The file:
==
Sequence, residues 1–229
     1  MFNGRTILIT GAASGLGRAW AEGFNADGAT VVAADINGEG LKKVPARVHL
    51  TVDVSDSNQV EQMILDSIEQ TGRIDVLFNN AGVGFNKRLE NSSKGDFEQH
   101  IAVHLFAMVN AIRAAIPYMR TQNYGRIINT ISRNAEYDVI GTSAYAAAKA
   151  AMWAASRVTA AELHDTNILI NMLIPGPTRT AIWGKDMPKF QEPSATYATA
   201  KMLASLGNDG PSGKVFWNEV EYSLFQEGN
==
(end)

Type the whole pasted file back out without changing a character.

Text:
Sequence, residues 1–229
     1  MFNGRTILIT GAASGLGRAW AEGFNADGAT VVAADINGEG LKKVPARVHL
    51  TVDVSDSNQV EQMILDSIEQ TGRIDVLFNN AGVGFNKRLE NSSKGDFEQH
   101  IAVHLFAMVN AIRAAIPYMR TQNYGRIINT ISRNAEYDVI GTSAYAAAKA
   151  AMWAASRVTA AELHDTNILI NMLIPGPTRT AIWGKDMPKF QEPSATYATA
   201  KMLASLGNDG PSGKVFWNEV EYSLFQEGN